“When I found out about the games being canceled, I was kind of sad because i really love playing softball,” Mary Ayala said. “To know we won’t be playing five whole games kind of sucks, but [I also felt] happy because I take my health really serious and don’t want to get sick. … At the end of the day our health is more important and we should take care of ourselves.”

Our team is extremely dedicated, to both the game and to each other. So, I’m sure we’ll find a way to manage no matter what.”

— junior baseball player Jacob Masters

Senior Janael Copeland said she also had mixed feelings about the cancellations.

“’I’m kind of back and forth on the precautions being taken about the virus,” Copeland said. “On the one hand, if we’re strict about taking care of the virus now, we prevent it from spreading and getting really bad like countries such as Italy are dealing with. On the other hand, most people who get it have mild cases and simply have to just stay home until the symptoms go away. I can understand both sides of it, but going as far as to cancel school and school activities is annoying and really inconvenient.”

Ayala said all the team can do is be ready when they are able to take the field again.

“A lot of us are sad/angry, but we can’t really do anything about it, but I know once we get back on the field we will put 110 percent into everything we do.”

According to Copeland, the postponement of games and practices is particularly hard for the seniors on the team who are playing their final high school sports season.

Practices were what I looked forward to every week that will not happen right away if ever because of the virus.”

— LASA student Andy Wang, Ultimate Frisbee Players League of Austin Youth Committee member

Other non-UIL sanctioned sports have also voluntarily postponed games. The Ultimate [Frisbee] Players League of Austin (UPLA) released a statement postponing games and tournaments in alignment with USAU (USA Ultimate) policy. UPLA is working to reschedule all UPLA events including Youth Spring League that McCallum students participate in.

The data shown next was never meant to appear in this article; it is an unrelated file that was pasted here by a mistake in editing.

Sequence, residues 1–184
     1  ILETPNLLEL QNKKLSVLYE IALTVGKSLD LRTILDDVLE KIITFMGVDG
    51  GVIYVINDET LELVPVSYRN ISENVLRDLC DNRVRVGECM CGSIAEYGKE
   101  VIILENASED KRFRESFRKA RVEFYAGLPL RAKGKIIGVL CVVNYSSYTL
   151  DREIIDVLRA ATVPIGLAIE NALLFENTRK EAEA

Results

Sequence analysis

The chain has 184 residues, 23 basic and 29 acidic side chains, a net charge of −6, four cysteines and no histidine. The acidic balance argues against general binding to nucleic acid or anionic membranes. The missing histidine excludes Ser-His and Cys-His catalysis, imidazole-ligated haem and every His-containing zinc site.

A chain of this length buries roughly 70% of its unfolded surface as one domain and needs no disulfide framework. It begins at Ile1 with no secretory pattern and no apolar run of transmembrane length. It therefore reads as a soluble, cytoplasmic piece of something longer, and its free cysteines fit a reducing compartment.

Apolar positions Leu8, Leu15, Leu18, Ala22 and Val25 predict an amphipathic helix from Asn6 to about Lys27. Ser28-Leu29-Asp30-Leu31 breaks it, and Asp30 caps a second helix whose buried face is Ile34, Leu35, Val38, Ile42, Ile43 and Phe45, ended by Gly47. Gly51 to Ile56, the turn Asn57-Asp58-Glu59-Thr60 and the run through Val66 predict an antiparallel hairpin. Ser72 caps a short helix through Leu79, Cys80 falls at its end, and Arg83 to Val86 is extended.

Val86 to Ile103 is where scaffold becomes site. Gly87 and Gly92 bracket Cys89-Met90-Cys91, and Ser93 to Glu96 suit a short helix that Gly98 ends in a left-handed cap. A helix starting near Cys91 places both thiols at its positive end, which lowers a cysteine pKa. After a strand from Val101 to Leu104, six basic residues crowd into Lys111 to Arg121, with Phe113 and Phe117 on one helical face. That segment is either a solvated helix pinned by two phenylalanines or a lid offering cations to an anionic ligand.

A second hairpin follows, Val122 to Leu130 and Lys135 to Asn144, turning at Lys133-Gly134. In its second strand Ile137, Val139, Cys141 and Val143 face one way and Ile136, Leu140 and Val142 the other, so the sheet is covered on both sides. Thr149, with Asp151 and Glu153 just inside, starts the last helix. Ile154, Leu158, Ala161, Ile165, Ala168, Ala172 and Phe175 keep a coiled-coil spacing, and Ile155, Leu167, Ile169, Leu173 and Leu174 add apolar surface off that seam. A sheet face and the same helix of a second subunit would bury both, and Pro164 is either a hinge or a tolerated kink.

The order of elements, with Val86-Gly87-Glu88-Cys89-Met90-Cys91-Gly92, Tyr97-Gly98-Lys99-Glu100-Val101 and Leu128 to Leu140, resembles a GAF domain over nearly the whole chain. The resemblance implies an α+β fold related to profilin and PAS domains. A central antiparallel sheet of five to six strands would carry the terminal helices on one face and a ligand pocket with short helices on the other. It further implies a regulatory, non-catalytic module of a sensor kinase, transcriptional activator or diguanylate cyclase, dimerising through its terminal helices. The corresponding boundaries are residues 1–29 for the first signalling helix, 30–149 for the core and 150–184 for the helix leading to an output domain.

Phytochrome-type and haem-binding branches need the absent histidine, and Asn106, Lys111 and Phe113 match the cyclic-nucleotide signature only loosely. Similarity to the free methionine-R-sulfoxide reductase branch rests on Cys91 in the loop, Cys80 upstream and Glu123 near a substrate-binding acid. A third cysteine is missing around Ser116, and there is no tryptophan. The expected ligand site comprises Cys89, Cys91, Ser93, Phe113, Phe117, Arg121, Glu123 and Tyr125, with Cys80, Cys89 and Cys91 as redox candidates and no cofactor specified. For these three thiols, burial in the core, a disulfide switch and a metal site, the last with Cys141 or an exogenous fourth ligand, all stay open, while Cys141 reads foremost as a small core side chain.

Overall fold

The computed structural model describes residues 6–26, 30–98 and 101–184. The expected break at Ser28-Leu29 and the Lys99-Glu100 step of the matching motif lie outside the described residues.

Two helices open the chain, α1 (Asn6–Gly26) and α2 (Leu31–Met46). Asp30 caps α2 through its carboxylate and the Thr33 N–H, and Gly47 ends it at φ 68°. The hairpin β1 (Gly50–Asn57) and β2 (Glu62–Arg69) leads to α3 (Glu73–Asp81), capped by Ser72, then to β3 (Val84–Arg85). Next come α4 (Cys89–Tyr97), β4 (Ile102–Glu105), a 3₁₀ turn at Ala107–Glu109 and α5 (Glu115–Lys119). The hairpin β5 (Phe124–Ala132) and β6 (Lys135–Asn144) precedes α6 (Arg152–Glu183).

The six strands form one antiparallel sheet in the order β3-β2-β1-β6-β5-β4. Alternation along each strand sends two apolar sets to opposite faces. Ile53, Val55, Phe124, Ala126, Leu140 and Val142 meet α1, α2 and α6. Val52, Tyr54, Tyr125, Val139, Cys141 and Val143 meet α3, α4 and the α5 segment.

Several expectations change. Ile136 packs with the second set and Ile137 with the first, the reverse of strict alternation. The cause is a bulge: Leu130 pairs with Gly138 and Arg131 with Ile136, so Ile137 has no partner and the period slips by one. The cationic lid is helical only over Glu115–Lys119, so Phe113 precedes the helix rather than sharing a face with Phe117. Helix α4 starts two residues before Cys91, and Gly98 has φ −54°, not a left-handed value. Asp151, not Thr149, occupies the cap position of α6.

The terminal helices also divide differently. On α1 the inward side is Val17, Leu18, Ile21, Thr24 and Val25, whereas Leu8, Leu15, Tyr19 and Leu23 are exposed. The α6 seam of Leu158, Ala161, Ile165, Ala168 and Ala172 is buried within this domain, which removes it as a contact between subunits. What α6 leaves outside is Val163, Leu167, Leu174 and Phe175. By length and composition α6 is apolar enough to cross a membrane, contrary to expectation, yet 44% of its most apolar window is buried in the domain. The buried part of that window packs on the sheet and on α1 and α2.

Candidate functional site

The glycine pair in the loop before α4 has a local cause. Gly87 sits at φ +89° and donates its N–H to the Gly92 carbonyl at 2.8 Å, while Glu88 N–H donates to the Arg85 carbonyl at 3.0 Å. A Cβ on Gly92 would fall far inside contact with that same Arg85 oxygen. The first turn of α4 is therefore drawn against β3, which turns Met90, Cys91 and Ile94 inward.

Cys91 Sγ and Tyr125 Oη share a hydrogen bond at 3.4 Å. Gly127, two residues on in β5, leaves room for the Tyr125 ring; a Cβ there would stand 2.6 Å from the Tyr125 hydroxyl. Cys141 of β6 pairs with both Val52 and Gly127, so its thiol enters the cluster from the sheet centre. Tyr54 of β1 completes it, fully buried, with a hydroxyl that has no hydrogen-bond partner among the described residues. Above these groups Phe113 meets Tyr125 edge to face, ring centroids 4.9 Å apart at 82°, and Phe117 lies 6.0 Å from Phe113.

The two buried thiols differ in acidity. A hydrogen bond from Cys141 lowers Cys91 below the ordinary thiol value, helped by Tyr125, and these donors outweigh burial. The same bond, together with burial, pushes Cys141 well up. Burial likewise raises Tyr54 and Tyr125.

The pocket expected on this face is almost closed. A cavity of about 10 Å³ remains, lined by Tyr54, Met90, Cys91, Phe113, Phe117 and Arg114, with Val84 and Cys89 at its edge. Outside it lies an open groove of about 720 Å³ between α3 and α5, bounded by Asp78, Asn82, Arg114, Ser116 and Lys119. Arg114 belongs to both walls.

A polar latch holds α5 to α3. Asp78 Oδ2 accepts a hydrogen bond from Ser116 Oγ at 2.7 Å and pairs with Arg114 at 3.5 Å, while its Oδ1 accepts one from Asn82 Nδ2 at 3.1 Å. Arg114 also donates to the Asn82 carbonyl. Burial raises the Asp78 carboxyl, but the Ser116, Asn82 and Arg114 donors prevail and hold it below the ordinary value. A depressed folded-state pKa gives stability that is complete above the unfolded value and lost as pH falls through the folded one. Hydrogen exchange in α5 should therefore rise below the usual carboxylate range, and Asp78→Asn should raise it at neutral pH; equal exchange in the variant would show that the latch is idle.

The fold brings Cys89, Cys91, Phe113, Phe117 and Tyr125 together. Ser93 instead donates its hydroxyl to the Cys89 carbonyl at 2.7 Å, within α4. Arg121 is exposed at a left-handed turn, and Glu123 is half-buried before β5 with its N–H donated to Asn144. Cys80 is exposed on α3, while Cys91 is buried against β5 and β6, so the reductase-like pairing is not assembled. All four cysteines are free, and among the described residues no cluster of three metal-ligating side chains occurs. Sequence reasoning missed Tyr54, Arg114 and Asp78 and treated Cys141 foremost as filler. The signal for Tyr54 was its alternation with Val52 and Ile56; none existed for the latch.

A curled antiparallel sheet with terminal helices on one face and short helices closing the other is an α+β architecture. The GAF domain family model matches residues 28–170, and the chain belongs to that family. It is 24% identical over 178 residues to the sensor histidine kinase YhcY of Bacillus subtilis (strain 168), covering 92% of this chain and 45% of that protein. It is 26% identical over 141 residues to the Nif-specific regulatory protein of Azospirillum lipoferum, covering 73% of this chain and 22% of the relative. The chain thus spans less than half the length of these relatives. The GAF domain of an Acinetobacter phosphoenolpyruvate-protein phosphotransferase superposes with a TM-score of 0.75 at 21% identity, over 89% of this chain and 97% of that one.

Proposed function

“I think the precautions taken were necessary to ensure our safety,” said Andy Wang, a LASA student and a member of the UPLA Youth Committee. “I agree with the decision that was made. What’s significant about missing those is up to a month deprived of Frisbee. Spring league is great for schools to come together and play, and practices were what I looked forward to every week that will not happen right away if ever because of the virus.”

What is happening in sports is of course a microcosm of what is happening in the larger culture as social gatherings of any kind are being limited in an attempt to slow the spread of the Coronavirus and limit cases of COVID-19.

With Saturday’s announcement prohibiting all gatherings in Austin of more than 250 people, it seems like that the UIL-ban on sports won’t be lifted on March 30 at least not within the city limits.

It remains to be seen when the games will resume for the Knights and for athletes through metro Austin, Texas, the United States and for that matter the world.

But wherever they are played, these sporting events are just games.

It’s a point that Copeland understands all too well.

“I know someone going to my college [Colorado State] whose mom and stepdad have coronavirus and while they’re at the hospital getting treatment, he’s stuck at home [in Illinois] in self quarantine,” Copeland said. “It’s just crazy to me how I know someone who’s been personally affected by it; it makes you realize how real this outbreak is.”

— with reporting by Anna McClellan and Elisha Scott